Dee Dee Bridgewater at the Cognac Blues Passions festival in 2017. She is performing at Birdland with the pianist Bill Charlap this weekend.Credit…Yohan Bonnet/Agence France-Presse — Getty Images

The vocalist Dee Dee Bridgewater started releasing albums on major labels in the 1970s, when the boundary stones between jazz, funk, soul and pop balladry were constantly being rearranged. Her style has to do with Tina Turner, Anita Baker and Ella Fitzgerald, all mixed in together, and she projected it over taut horn parts and swooping synths.

It’s little surprise that Bridgewater has subtly resisted the typecasting that sometimes accompanies a so-called jazz singer as she enters the laureled phase of her career: Even when Bridgewater is asked to sing with a big band, or when she plays in a cabaret-like setting, there’s a canny defiance that won’t let up.

The best evidence it’s still with her? The 2017 album “Memphis … Yes I’m Ready,” a tribute to the soul tradition of the city where she was born. This week Bridgewater brings the same tools to a different setting: Birdland, where she is performing two sets a night through Saturday in duet with the pianist Bill Charlap. An expert in elegance, Charlap is a neo-classicist with a refreshing appreciation for unadorned melody, and he usually knows just where to shine the spotlight. Tickets are available at and start at $30.

Five Movies to Watch This Winter

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1. “The Power of the Dog”: Benedict Cumberbatch is earning high praise for his performance in Jane Campion’s new psychodrama. Here’s what it took for the actor to become a seething alpha-male cowboy.

2. “Don’t Look Up” : Meryl Streep plays a self-centered scoundrel in Adam McKay’s apocalyptic satire.  She turned to the “Real Housewives” franchise for inspiration.

3. “King Richard”: Aunjanue Ellis, who plays Venus and Serena Williams’s mother in the biopic, shares how she turned the supporting role into a talker.

4. “Tick, Tick … Boom!”: Lin-Manuel Miranda’s directorial debut is an adaptation of a show by Jonathan Larson, creator of “Rent.” This guide can help you unpack its many layers.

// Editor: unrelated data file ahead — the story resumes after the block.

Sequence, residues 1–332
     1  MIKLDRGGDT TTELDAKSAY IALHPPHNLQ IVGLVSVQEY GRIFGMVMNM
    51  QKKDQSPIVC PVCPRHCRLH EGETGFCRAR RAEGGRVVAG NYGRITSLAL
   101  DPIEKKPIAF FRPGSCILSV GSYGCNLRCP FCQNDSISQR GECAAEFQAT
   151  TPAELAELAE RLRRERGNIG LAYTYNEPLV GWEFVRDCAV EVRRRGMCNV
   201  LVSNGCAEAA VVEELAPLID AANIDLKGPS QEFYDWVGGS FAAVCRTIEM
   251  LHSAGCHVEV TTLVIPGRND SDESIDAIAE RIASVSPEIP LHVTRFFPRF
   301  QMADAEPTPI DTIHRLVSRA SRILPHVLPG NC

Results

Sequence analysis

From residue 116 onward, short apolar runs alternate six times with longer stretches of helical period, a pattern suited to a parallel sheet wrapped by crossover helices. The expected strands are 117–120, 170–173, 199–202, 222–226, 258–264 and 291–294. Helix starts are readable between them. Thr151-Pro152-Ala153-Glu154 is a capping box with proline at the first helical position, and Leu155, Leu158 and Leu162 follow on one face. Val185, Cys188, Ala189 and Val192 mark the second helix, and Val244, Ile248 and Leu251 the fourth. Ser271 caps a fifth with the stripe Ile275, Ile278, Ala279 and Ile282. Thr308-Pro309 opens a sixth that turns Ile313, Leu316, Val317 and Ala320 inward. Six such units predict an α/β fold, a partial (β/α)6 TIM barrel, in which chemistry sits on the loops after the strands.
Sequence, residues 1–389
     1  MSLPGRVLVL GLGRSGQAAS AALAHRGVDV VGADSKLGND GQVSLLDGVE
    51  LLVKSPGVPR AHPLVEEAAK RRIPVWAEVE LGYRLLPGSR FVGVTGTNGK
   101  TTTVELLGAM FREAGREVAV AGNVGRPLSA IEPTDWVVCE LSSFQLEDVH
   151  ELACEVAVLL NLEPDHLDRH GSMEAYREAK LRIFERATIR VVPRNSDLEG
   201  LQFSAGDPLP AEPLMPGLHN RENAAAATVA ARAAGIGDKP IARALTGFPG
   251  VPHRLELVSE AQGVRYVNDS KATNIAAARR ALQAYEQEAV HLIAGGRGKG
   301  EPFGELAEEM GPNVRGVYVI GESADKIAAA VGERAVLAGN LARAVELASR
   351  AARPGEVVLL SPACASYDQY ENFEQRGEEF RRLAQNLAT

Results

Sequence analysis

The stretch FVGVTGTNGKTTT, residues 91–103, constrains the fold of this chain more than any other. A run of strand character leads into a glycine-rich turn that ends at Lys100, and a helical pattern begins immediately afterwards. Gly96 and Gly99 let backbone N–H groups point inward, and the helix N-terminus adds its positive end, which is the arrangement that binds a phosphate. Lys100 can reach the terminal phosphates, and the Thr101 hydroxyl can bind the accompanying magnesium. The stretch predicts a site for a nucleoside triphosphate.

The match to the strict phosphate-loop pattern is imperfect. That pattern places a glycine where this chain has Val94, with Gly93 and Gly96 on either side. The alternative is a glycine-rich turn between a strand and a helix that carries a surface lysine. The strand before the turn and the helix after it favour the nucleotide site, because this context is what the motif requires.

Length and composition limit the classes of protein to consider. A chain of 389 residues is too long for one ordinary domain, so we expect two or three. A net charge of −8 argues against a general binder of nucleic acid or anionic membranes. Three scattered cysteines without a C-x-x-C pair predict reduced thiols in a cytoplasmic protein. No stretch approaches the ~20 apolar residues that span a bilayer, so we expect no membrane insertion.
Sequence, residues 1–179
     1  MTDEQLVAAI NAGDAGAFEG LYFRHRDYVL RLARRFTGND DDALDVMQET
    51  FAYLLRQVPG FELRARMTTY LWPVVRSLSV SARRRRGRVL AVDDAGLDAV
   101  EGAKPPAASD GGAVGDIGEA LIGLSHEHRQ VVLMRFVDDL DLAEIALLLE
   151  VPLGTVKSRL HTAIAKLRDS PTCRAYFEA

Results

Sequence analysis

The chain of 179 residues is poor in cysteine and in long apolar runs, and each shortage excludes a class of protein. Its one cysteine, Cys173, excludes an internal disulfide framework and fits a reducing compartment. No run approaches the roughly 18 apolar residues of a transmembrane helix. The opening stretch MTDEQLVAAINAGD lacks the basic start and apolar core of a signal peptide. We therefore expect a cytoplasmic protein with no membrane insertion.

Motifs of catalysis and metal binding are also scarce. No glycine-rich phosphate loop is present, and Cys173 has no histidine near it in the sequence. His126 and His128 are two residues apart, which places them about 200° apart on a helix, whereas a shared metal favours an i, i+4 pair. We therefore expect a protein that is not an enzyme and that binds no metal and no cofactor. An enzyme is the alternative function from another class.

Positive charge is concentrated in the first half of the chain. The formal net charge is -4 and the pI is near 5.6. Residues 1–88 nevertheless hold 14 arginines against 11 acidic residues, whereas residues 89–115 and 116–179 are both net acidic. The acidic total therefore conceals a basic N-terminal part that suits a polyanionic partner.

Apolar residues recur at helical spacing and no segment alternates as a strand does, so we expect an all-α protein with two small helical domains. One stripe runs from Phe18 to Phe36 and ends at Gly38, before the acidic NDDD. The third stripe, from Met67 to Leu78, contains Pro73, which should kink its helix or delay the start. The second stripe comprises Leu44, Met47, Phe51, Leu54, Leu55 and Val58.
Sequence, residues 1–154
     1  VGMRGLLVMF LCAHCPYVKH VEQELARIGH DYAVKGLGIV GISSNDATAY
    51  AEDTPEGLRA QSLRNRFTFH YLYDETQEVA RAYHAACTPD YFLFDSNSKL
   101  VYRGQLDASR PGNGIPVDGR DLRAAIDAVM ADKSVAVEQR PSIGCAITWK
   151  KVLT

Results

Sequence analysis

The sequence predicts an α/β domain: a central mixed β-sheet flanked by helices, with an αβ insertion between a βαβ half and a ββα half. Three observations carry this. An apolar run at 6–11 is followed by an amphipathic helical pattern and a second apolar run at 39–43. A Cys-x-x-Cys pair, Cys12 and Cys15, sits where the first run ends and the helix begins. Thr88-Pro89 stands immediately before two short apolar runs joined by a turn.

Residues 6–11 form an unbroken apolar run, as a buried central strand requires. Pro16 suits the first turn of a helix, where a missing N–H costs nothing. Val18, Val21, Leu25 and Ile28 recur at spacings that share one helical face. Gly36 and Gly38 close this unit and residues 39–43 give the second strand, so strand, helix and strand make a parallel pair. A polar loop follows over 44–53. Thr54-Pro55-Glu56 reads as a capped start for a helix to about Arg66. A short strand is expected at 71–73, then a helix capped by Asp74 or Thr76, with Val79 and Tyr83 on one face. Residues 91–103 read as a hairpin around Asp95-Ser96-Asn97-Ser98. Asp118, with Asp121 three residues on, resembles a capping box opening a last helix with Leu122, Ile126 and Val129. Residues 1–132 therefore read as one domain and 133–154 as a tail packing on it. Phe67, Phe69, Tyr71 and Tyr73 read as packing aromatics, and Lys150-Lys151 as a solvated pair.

5. “The Tragedy of Macbeth”: Several upcoming movies are in black and white, including Joel Coen’s new spin on Shakespeare’s “Macbeth.”


Detoured From Bethlehem

From left, Manuel Antonio Morán, Mario Mattei and Andrés Chulisi Rodriguez in “Dream of Kings/Sueño de Reyes,” a Teatro SEA production streaming on its YouTube channel this weekend. Credit…Javier González

You don’t have to be a biblical scholar to know that the Three Wise Men used a star to navigate their way to Bethlehem. But what if they had somehow relied on a 21st-century cellphone app and ended up not with the infant Jesus in Judea but at the home of Jésus, a boy in contemporary Puerto Rico?

That’s the comical premise of “Dream of Kings/Sueño de Reyes,” an ebullient and witty bilingual virtual musical from Teatro SEA, the Latino theater for children. Written, produced and directed by Manuel Antonio Morán, the show honors Three Kings Day, a Christian holiday celebrated every Jan. 6, mainly in Spain and Latin America.

From 4 p.m. on Thursday until midnight on Sunday, the production, which debuted live in December, will stream free on the YouTube channel of the company, which is known for its puppetry. While actors portray the three kings, the other characters are represented visually by animations, projections and handmade designs, including magnificent puppets by Shinde Chithambara Rao. (Teatro SEA will also display giant puppets of the magi outside its Manhattan building from noon to 6 p.m. on Thursday.)

Incorporating Spanish songs and carols, “Dream of Kings” redirects its ancient travelers through the skies, undersea and across a jungle in what may be the only Nativity story with a dancing Cuban octopus.